Watch this EPA video on YouTube about PCBs on board obsolete ships:
Ironically, the narrator, Christopher Rollins of EPA Region IX, was directly involved with releasing STORIS for export. Jon Ottman spoke with him in the days prior to STORIS being towed from Suisun Bay and Rollins indicated that he had paperwork that indicated that the ship was free of regulated PCBs. Rollins obviously never inspected the ship himself. That paperwork was later shared with Jon Ottman and shared here in prior posts. These documents are clearly deficient, particularly in light of information that was revealed after the ship arrived in Mexico.
It became known after the export of STORIS to Mexico that there were, indeed, large quantities of undocumented wiring on board the ship, wiring that was not included in any of the US Coast Guard documentation or the GSA literature that was publicly available related to STORIS and her sale through GSA Auction. GSA listed STORIS for sale as a seaworthy vessel in the auction listing, with no indication that she contained hazardous materials or PCBs.
We received two key letters, signed statements from men who served on the ship’s last crew. One was a letter from an electrician’s mate, testifying to the large amount of original and old wiring still on board STORIS. While most of it had been bypassed, a large quantity of wiring was abandoned in place because it was encapsulated in asbestos. To remove the wiring would have disturbed the asbestos, creating two haz-mat situations out of one. This wire could date back as far as 1942 when the ship was built and had a high probability of containing PCBs at levels above regulated limits. The letter also explained that there was an oily substance oozing from the wiring into the junction boxes throughout the ship, particularly in a main junction box in the overhead on the mess deck. This oily substance is consistent with PCB-containing materials.
The other letter was from a senior enlisted deck officer. The letter addressed the PCB report used by GSA, EPA, MARAD and the Coast Guard to approve the export of STORIS to Mexico for scrapping. This gentleman went through and line-by-line, pointed out that the sites chosen were deficient. In his expressed opinion as an experienced deck officer with 30 years of service in the Coast Guard and two tours aboard STORIS, there was a conscious effort to avoid testing areas on STORIS that would have tested positive for PCBs above regulated levels. He explains that most of the chosen test sites were materials added to the ship well after the 1979 PCB manufacturing ban implemented in the U.S. He identifies significant quantities of old wiring on board the ship that would likely contain PCBs as well as quantities of asbestos and lead paint.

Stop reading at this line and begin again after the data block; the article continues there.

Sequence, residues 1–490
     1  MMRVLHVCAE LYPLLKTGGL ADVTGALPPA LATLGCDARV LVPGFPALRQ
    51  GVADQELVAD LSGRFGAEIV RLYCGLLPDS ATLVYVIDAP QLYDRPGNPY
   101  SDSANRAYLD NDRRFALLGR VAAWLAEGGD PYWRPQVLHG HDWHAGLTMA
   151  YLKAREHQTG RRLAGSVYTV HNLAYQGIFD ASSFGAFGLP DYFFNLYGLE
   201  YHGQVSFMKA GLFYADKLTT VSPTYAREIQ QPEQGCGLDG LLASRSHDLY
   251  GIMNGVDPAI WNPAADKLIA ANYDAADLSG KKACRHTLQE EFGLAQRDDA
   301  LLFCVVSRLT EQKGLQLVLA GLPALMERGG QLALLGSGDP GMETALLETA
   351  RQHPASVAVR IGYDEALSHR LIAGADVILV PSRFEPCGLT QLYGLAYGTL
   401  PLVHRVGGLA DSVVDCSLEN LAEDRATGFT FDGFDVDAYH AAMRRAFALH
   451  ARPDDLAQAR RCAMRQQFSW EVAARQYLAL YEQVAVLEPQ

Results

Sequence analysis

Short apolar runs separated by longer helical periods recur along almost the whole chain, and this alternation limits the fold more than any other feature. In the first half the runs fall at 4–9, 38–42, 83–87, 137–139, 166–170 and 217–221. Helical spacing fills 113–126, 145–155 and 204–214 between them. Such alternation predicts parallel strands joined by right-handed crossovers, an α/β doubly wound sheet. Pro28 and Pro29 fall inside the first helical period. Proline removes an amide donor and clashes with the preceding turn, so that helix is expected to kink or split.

Another critical find was a document that was created for the shipyard contractors that would be assuming the layup work for STORIS after she was turned over by Coast Guard personnel for final preparation for her storage in the Suisun Bay National Defense Reserve Fleet, near Benicia, California. This document from May 2007 has standard boilerplate language discussing various hazards on the ship but on page 48, section 3.8, are the instructions for the lamping of the ship during her mothball layup. The specifications read as follows: "the original lighting distribution wirings (sic) is in fair to poor condition, and keeping it energized without a watch presents a risk of electrical fire." This is a direct reference to the original/old wiring referred to in the EM’s statement. This confirms the presence of old wiring in the ship and in a document generated by the U.S. Coast Guard itself. Work to eliminate or remedy this old wiring was not taken. STORIS was put into storage in summer 2007 and sat untouched until the tow to Ensenada October 25 and arrival on 29 October.
The layup document is located here: http://goo.gl/d1DC5U
There is a high likelihood that STORIS was exported with a significant quantity of undocumented wiring and interior paints on board that contain polychlorinated biphenyls (PCBs) above regulated limits of 50 ppm. There are several federal laws – US and Mexican – are likely to have been violated. Those laws and regulations include, but are not limited to, the National Environmental Policy Act, the Bilge and Ballast Water regulations and conforming San Francisco Bay Area Regional Water Quality Control Board policy concerning obsolete vessels held at the Suisun Bay Reserve Fleet (SBRF), the Toxic Substances Control Act of 1976 (TSCA) PCB export regulations and the international Basel Convention, of which Mexico is a signatory. There is also the matter of whether GSA ensured the buyer would comply with international environmental compacts which the U.S. is a party to, such as the Organization of Economic Co-operation and Development (OECD). It is worth noting that Mexican law prohibits the import of PCBs and that country has no facility capable of properly disposing of PCBs.
MEXICO HAS NO FACILITIES AT WHICH PCBS CAN BE DISPOSED OF IN AN ENVIRONMENTALLY SAFE MANNER. This is evidenced by the since-withdrawn EPA waiver to import tons of PCBs from Mexico by Veolia ES Technical Solutions in Texas (http://www.epa.gov/osw/hazard/tsd/pcbs/pubs/veolia.htm).